On March 16, 1968, approximately 100 American troops marched on the southern Vietnamese hamlets of My Lai and My Khe, believed by the American military to be strongholds of the Viet Cong insurgency, and killed 500 civilians. The incident was made public 20 months later, sparking outrage in the global community.
On Nov. 4, author and researcher Nick Turse told a Franklin & Marshall College audience that the 1968 attack -- at the time believed to be an isolated incident -- was one of hundreds of such assaults on the Vietnamese by American soldiers, resulting in the murder of thousands of civilians.
"Basically, all we know about today is My Lai, and only because it was in print, and only a year after it happened," said Turse, the latest speaker in this fall's public lecture series, "Irregular War: Guerrillas, Partisans, Bandits, and Mujahedeen."
The series is part of the seminar-style course for F&M students that Professor of History Van Gosse created to examine the history, theory, and practice of guerilla warfare and counter-insurgency throughout the modern era.
Turse, managing editor of independent news site TomDispatch.com and a fellow at the nonprofit media center Nation Institute, is an award-winning journalist who in January published "Kill Anything that Moves: The Real American War in Vietnam," a New York Times bestseller that he spent 12 years researching and writing.
The title of Turse's lecture, the third in the Irregular War series, was "Where Have All the War Crimes Gone? Vietnam War Atrocities and Their Cover-ups," which addressed the subject of his book.
Turse was researching a book on post-traumatic stress disorder when an archivist at the National Archives directed him to a "treasure trove" of undisclosed United States military documents of official U.S. Army investigations that established hundreds of atrocities in Vietnam, he said.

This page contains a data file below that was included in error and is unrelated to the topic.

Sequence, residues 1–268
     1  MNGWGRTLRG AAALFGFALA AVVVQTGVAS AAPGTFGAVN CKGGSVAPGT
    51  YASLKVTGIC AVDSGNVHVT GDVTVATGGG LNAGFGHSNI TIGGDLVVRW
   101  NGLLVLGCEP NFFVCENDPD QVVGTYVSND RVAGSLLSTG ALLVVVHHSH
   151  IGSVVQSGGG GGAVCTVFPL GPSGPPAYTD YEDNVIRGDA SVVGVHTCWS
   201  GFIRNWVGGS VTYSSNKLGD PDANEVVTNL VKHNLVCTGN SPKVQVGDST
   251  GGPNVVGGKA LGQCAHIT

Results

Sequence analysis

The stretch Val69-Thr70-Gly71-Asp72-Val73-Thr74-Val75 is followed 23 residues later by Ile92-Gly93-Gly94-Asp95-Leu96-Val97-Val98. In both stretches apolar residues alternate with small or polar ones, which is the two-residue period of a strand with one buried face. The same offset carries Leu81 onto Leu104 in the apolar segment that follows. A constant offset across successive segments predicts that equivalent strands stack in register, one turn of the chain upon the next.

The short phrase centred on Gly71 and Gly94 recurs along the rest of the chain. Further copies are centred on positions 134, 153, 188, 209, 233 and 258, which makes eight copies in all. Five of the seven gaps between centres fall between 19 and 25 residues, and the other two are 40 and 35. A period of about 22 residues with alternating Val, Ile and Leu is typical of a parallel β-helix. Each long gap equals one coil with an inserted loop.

Gosse said Turse's book fills a wide gap in America's history of the U.S. military's involvement in a war that included indiscriminate air strikes, artillery shelling, and helicopter gunship attacks.
"I didn't really grasp the systematic way the war in Vietnam targeted civilians," Gosse said. "I thought I knew this history pretty well."
Turse recounted the story of former army medic Jamie Henry, who had only been in Vietnam a short time when he began witnessing "a litany" of atrocities. Turse said Henry wanted to report them, but his friends warned him against doing so.
But after an order given over the radio to kill 19 women and children, Henry was determined to report that atrocity to authorities.
"The order that came down that morning was 'Kill anything that moves,'" Turse said. "Jaime told me 30 seconds after that massacre, he vowed to make it public."
Army authorities rebuffed Henry, Turse said. Henry's story went untold, but the Pentagon organized a secret investigative committee to look into Henry's allegations and validated his report. That report and hundreds of others were not revealed to the public until Turse published his book.
F&M sophomore Xintong Liu, a history major, said she was moved by the lecture. "It’s really eye-opening," Liu said. "I didn’t expect something like that to have happened in Vietnam."
Liu said she is from the city of Nanjing in China, which is formerly known as Nanking, where the Japanese killed more than 250,000 civilians in 1937.
"My grandparents survived the massacre," she said.
After researching the documents, interviewing veterans and eyewitnesses to some of the events in Vietnam, and examining news media reports that touched on some of the atrocities, Turse said he came away with another picture of what the Vietnamese call "The American War."
"I was able to fully grasp the realities of the Vietnam War," he said.
The final event in the "Irregular Wars" lecture series is 7:30 p.m., Monday, Nov. 11, at Stahr Auditorium in Stager Hall. The speaker, Col. Gian Gentile of the U.S. Military Academy at West Point, will discuss counterinsurgencies, which are military tactics used against guerilla warfare.